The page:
~ ~  WHO AM I?   ~ ~

I was born in 1725, and I died 1807. The only godly influence in my
life, as far back as I can remember, was my mother, whom I had for
only seven years. When she left my life through death, I was virtually
an orphan. My father remarried, sent me to a strict military school,
where the severity of discipline almost broke my back. I couldn't
stand it any longer, and I left in rebellion at the age of ten. One
year later, deciding that I would never enter formal education again,
I became a seaman apprentice, hoping somehow to step into my father's
trade and learn at least the ability to skillfully navigate a ship.
By and by, through a process of time, I slowly gave myself over to
the devil. And I determined that I would sin to my fill without
restraint, now that the righteous lamp of my life had gone out. I did
that until my days in the military service, where again discipline
worked hard against me, but I further rebelled. My spirit would not
break, and I became increasingly more and more a rebel. Because of
a number of things that I disagreed with in the military, I finally
deserted, only to be captured like a common criminal and beaten
publicly several times. After enduring the punishment, I again fled.
I entertained thoughts of suicide on my way to Africa, deciding that
would be the place I could get farthest from anyone that knew me.
And again I made a pact with the devil to live for him. Somehow, through a process of events, I got in touch with a Portuguese
slave trader, and I lived in his home. His wife, who was brimming
with hostility, took a lot out on me. She beat me, and I ate like a
dog on the floor of the home. If I refused to do that, she would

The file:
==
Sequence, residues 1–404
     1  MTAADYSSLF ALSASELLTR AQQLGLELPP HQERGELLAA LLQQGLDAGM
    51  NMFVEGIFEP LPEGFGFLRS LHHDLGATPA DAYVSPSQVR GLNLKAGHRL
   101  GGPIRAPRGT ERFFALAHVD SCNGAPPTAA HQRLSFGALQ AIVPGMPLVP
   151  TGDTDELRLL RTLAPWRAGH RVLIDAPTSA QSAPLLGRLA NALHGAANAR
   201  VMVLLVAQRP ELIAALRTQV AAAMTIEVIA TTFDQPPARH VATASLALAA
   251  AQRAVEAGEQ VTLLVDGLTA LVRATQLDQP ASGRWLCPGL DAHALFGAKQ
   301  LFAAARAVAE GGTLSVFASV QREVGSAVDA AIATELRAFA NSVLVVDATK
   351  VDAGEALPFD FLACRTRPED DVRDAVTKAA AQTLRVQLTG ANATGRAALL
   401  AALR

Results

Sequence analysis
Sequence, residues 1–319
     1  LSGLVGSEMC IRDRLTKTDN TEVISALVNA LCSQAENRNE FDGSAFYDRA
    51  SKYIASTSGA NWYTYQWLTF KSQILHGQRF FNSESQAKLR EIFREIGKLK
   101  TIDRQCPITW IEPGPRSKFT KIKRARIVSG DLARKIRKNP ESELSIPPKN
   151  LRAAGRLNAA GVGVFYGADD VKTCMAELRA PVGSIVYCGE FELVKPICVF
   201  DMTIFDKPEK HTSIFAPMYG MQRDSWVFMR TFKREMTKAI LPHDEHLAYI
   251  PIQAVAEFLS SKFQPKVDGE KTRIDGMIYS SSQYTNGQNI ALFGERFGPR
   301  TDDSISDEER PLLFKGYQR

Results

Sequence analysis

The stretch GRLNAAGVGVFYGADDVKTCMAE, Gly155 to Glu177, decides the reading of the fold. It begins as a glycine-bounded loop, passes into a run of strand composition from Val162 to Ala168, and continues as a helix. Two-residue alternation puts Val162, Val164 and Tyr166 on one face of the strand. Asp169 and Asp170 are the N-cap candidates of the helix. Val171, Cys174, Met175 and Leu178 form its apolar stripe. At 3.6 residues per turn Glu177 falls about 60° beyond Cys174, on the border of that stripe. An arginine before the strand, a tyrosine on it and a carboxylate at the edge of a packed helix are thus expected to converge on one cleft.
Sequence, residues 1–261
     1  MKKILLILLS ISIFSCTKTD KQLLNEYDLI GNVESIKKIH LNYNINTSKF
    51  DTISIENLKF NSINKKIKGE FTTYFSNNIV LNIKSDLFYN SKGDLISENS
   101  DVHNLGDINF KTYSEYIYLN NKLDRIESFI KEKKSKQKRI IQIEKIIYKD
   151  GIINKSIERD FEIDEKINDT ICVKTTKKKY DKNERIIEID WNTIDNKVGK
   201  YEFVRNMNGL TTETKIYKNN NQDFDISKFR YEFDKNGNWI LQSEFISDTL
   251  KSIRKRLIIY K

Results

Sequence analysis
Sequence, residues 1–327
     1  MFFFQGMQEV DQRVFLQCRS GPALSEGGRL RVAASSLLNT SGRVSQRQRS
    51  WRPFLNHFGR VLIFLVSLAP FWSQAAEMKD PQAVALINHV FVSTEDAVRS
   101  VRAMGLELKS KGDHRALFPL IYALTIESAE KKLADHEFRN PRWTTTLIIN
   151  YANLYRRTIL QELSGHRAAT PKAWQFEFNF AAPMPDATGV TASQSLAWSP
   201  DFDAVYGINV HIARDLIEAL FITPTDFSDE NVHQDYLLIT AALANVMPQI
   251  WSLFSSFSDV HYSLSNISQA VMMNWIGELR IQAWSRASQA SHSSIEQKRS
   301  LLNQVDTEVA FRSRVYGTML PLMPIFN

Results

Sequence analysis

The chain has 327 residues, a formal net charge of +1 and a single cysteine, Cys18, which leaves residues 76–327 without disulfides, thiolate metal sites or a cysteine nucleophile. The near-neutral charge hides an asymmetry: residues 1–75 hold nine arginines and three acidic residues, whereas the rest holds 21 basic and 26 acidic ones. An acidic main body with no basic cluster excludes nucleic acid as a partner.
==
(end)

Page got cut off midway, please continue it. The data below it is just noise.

whip me with a lash. I fled penniless, owning only the clothes on
my back, to the shoreline of Africa where I built a fire, hoping to
attract a ship that was passing by. The skipper thought that I had
gold or slaves or Ivory to sell and was surprised because I was a
skilled navigator. And it was there that I virtually lived for a
long period of time. It was a slave ship. I went through all sorts
of narrow escapes with death only a hairbreadth away on a number of
occasions. One time I opened some crates of rum and got everybody on
the crew drunk. The skipper, incensed with my actions, beat me, threw
me down below, and I lived on stale bread and sour vegetables for an
unendurable amount of time. He brought me above to beat me again, and I fell overboard. Because I couldn't swim, he harpooned me to get me back on the ship. And I lived with the scar in my side, big enough
for me to put my fist into, until the day of my death. On board, I was
inflamed with fever. I was enraged with the humiliation. A storm broke
out, and I wound up again in the hold of the ship, down among the
pumps. To keep the ship afloat, I worked along as a servant of the
slaves. There, bruised and confused, bleeding, diseased, I was the
epitome of the degenerate man. I remembered the words of my mother.
I cried out to God, the only way I knew, calling upon His grace
and His mercy to deliver me, and upon His son to save me. The only
glimmer of light I would find was in a crack in the ship in the floor
above me, and I looked up to it and screamed for help. God heard me.
Thirty-one years passed, I married a childhood sweetheart. I entered
the ministry. In every place that I served, rooms had to be added to
the building to handle the crowds that came to hear the gospel that
was presented and the story of God's grace in my life. My tombstone
above my head reads: "Born 1725, died 1807. A clerk, once an infidel
and libertine, a servant of slaves in Africa, was by the rich mercy
of our Lord and Savior, Jesus Christ, preserved, restored, pardoned,
and appointed to preach the faith he once long labored to destroy."
I decided before my death to put my life's story in verse. And that
verse has become a hymn. My name? John Newton. The hymn?                "  Amazing Grace "


AMAZING GRACE (John Newton 1725-1807)

Amazing grace! how sweet the sound,
That saved a wretch; like me!
I once was lost, but now am found,
Was blind, but now I see.

Twas grace that taught my heart to fear,
And grace my fears relieved;
How precious did that grace appear
The hour I first believed!

The Lord hath promised good to me,
His word my hope secures;
He will my shield and portion be
As long as life endures

When we've been there ten thousand years,
Bright shining as the sun,
We've no less days to sing God's praise
Than when we first begun.